Showing our modern day granny brag books

Family comes first.

It's true and every time someone says it to me, I know I will be forgiven for anything that I might have to move aside for the family who -- comes first, absolutely and unequivocably, every time.

And that's fine. Because I want to help every way I can, every time I can, every opportunity I can and I juggle happily my working and social lives around the family I adore. To me, it's not just about helping my children, but getting to know my grandchildren in a real and very special way.

My grandparents lived in Melbourne and we visited every second Christmas, getting to know each other all over again for that three-week period. One of my grandmothers came to live in Brisbane when I was about 12 and some of my happiest memories were hanging out with her (and her bag full of lollies). She was known as Minnie, coming up to my arm pit in height, and I sometimes felt that I was the parent (even at 12) to this very small and fun person. She let me eat lollies, watch television during the day (not allowed at home) and stay up late. She taught me crafty stuff and gave me money to spend at the corner store.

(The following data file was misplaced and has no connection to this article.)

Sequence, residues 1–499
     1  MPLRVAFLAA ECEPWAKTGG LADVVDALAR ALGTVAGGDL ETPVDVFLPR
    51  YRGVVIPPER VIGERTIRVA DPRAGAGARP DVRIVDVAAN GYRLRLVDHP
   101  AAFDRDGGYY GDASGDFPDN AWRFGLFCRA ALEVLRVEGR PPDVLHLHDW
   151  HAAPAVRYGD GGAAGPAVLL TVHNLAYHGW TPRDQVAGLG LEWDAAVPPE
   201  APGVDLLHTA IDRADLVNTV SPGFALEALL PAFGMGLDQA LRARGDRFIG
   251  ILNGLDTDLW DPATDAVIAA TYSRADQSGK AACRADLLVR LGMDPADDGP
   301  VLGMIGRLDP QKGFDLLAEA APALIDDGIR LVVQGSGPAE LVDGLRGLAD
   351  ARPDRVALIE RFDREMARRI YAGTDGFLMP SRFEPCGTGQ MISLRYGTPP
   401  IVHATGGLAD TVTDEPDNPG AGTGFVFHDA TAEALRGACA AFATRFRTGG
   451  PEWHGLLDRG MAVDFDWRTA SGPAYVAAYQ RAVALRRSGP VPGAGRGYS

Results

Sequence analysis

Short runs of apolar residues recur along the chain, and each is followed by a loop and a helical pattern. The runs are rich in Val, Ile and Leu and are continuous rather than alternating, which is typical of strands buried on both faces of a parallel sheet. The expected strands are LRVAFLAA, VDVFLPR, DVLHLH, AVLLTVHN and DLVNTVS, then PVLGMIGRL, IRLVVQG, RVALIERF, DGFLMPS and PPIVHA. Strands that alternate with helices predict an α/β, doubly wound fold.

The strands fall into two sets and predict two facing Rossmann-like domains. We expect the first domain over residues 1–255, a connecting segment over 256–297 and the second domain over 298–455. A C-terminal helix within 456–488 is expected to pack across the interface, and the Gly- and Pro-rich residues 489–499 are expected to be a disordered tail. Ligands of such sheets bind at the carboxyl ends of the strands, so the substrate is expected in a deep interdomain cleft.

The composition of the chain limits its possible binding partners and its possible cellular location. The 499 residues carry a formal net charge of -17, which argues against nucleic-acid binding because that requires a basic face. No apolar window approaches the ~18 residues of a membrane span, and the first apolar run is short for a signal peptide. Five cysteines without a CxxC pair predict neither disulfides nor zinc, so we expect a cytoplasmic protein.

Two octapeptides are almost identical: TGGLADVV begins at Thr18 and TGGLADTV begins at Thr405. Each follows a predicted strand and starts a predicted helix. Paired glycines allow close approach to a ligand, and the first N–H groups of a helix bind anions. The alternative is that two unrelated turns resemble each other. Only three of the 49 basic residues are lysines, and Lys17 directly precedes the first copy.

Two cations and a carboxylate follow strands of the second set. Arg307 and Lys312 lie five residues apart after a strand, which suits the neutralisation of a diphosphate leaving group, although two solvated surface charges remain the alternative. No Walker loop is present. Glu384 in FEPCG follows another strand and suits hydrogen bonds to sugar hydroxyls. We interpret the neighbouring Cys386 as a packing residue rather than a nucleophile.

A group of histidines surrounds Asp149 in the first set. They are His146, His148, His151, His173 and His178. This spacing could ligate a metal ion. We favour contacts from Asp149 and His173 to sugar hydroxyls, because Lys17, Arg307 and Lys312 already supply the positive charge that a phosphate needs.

I therefore like to share that grandparent dream with my own grandchildren (but without the lollies and the corner store).

I have realised lately that I am not alone in wishing for a personal relationship between myself and my grand chidlren. My friends share the same sentiment. And as such, any of our social get togethers are now at the mercy of our diaries, all littered with babysitting dates. Finding that spot where we are all free is a miracle indeed.

Having recently tried unsuccessfully to hook up with two old friends living at Newmarket and Dayborough, I realise that perhaps we should just bring the grand children. We may as well because that's mainly what we talk about. And instead of rustling through the diary, instead we proudly share photos from our phones and facebook sites.

We smile into the eyes of these little cherubs as we pass our modern granny brag books along. We tell each other how beautiful our grand children are (and they are). We marvel collectively at their achievements and their mistakes in equal measure. And we can't wait to see them again.